”Pack rice” and frozen rice leftovers can both save you time, but how much money does the cheaper option save you?

Rice is the cornerstone of the Japanese diet, a versatile and healthy staple that pairs with all sorts of side dishes. There’s a drawback, though, in that cooking an entire pot of rice takes a fair amount of time.

Even with a rice cooker on high-speed setting, you’re looking at around 30 to 40 minutes, which is more time than anyone wants to wait when their stomach is growling. Thankfully for those with more appetite than time, supermarkets and convenience stores in Japan also sell “pack rice” (pakku gohan in Japanese), vacuum-sealed trays of rice that you can warm up in the microwave in just two minutes.

▼ Pack rice

But there’s another way to have a piping hot bowl of white rice ready to go in just minutes…kind of. You can cook a pot of rice in your rice cooker, then put the leftovers in airtight containers or wrap them in plastic wrap, stick them in the freezer, and reheat them in the microwave the next time you want a serving of rice. Granted, you’ll still have to spend the time cooking the pot of rice to begin with, but for the subsequent meals, it’ll be as quick and easy as heating up pack rice.

▼ Stay cool, frozen rice containers. We’ll see you again at dinnertime.

So the question becomes which method to choose, and a big factor is which is cheaper, store-bought pack rice or self-made frozen rice? To find out, Japanese internet portal Financial Field crunched some numbers. The simulation assumes that you’ve got someone eating three 180-gram (6.3-ounce) servings of rice a day, one for breakfast, lunch, and dinner, and tries to take into account the total expenses involved with each method.

Starting with pack rice, different brands and stores charge different prices, but the scenario uses an estimated cost of 120 yen (US$0.80) per pack, a pretty average price for pack rice. With two minutes of required microwaving time and an electricity bill rate of 30 yen per kilowatt hour, that works out to 1.4 yen per microwave session.

OK, so what about cooking, then freezing, your own rice? Here the math gets more complicated. The simulation starts with a five-kilogram bag of uncooked rice that costs 2,288 yen, a figure from a 2022 Tokyo retail price survey conducted by the Ministry of Internal Affairs and Communications for Koshihikari, a popular strain of rice. However, polished rice become heavier as it cooks and absorbs water, so you only need to use 78 grams of uncooked rice to produce 180 grams of rice to be eaten, according to the Ministry of Agriculture, Forestry and Fisheries. Blending all that together, we arrive at an ingredient cost of 36 yen per eventual 180-gram bowl of edible rice.

Next there’s the electricity cost of the rice cooker to account for, with statistics from the Ministry of Economy, Trade and Industry saying one rice cooker cycle takes 0.158 kilowatt hours, which translates to 4.74 yen in electricity costs. Assuming you’re going to eat one serving or rice immediately after it’s cooked, then put the remaining two in the freezer and microwave them later, you’ve also got two 1.4-yen microwave sessions to add in as well.

Add all those costs up, and it turns out that using a rice cooker and freezing the leftovers is significantly cheaper than popping pack rice in the microwave before every meal.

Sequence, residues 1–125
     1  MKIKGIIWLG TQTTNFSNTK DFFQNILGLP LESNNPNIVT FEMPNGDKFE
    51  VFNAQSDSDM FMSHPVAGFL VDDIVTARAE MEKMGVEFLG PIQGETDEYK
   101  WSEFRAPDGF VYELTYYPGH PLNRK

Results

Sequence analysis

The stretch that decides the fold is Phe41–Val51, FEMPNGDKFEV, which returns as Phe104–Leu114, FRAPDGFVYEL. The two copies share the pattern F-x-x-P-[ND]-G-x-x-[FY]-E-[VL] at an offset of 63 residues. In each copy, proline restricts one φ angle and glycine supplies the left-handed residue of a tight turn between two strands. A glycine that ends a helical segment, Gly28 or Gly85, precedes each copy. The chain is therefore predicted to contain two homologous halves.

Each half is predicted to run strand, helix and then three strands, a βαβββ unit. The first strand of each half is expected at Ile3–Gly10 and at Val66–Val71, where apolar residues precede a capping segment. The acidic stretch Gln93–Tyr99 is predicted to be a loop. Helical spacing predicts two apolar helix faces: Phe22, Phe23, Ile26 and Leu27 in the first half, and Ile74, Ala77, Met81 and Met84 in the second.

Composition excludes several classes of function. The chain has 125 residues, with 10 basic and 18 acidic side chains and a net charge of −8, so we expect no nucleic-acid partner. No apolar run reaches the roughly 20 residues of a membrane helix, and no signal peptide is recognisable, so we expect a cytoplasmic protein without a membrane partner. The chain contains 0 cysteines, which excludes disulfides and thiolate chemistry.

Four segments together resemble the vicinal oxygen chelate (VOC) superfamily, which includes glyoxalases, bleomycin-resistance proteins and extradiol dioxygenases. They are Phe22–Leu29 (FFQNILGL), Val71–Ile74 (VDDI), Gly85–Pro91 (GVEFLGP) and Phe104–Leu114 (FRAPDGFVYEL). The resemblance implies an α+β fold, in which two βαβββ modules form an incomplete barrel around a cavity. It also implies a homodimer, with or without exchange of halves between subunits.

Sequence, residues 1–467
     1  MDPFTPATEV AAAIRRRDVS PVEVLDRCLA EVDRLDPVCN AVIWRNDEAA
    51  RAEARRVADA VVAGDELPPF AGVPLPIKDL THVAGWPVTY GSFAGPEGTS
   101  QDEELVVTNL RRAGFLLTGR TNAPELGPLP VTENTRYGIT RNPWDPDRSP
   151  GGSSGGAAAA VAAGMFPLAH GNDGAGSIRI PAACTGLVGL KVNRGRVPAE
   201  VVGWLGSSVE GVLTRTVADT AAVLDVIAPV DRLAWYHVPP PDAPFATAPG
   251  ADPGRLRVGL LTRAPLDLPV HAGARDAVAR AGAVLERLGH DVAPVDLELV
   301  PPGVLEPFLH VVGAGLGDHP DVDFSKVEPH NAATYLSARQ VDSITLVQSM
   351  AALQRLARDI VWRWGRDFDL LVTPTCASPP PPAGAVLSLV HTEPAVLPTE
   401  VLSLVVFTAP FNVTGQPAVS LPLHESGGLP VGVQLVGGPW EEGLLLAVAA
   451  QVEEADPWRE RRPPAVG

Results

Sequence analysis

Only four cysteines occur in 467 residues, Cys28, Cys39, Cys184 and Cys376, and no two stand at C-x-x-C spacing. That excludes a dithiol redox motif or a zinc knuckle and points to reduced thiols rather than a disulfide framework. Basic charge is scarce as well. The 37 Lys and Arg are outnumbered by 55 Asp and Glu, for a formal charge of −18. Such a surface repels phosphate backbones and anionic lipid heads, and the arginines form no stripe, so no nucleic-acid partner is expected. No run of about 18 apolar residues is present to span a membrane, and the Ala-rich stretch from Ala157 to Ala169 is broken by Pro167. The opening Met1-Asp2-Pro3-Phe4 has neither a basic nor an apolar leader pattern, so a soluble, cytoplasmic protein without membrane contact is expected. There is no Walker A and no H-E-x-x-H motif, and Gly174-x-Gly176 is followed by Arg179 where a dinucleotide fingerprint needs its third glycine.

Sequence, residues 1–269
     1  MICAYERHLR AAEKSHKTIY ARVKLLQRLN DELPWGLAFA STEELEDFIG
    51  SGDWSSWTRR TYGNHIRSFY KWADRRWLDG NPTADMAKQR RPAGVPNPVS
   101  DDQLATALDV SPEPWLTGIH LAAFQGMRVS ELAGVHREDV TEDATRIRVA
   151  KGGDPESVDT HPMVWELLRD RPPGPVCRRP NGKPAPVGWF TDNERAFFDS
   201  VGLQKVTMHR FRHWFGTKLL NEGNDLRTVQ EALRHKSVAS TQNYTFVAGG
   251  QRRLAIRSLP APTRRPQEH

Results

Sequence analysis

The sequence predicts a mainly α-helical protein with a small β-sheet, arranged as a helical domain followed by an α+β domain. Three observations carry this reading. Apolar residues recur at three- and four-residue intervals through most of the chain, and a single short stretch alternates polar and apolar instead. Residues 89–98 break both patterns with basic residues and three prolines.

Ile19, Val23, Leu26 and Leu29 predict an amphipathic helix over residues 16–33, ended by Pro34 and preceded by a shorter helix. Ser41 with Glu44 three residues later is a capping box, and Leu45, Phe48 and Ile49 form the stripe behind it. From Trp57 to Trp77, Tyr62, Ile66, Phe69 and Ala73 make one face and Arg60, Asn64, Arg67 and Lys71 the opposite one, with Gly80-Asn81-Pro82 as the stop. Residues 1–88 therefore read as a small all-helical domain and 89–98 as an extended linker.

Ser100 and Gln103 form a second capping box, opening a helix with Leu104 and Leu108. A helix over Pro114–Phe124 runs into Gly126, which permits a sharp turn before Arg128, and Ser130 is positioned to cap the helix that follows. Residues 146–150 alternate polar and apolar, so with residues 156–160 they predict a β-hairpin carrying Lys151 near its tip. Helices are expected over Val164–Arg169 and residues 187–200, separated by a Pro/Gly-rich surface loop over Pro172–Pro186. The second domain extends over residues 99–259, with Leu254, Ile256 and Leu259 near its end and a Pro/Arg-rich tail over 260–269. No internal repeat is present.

● 3 servings of pack rice
Ingredients: 360 yen
3 microwave cycles: 4.2 yen
Total: 364.2 yen

● 3 servings of rice cooker and frozen leftover rice
Ingredients: 108 yen
1 rice cooker cycle: 4.74 yen
2 microwave cycles: 2.8 yen
Total: 115.54 yen

By this tally, cooking your own rice and freezing the leftovers is less than half the price, saving you almost 250 yen a day or close to 7,500 yen (US$50) a month. And that’s before getting into a few extra benefits that Financial Field didn’t take into consideration.

For starters, most rice cookers can handle more than three servings of rice at a time. Even if you’re not investing in a big family-sized unit, relatively compact rice cookers can pretty easily make six servings. Recalculating the cook-and-freeze costs above for a batch of six servings (one eaten right away and five frozen) gives us 227.74 yen for six servings, or 113.87 for two. That may not make a huge difference compared to cooking/freezing three servings at a time, but it also means you’re only having to run your rice cooker once every other day, so you’re saving a lot of money without spending all that much time waiting for rice to cook. It’s also worth emphasizing that all of these savings get multiplied if you’re living with other people, such as a roommate, live-in boyfriend/girlfriend, spouse, or kids.

There are, however, some costs associated with cooking your own rice that the simulation doesn’t take into account. Unlike with pack rice, you have to add water when using a rice cooker, and you’ll also be using water, and dish soap, to wash the pot after each cooking session, plus gas to heat the hot water. You’ll also need to buy some plastic containers or wrap for the rice you’re freezing, but those costs seem pretty negligible, what with containers being reusable and available at 100 yen shops. Speaking of containers, if you’re environmentally minded, cooking and freezing your rice will also help you cut down on plastic waste, as pack rice containers are single-use designs.

All that said, on a one-time basis, the difference of a few hundred yen isn’t likely to make or break anyone’s budget. But if you’re making rice a regular part of your diet in Japan, the modest time investment of running your rice cooker once every half dozen rice-inclusive meals or so can really pay off.

Source: Financial Field via Yahoo! Japan News via Jin
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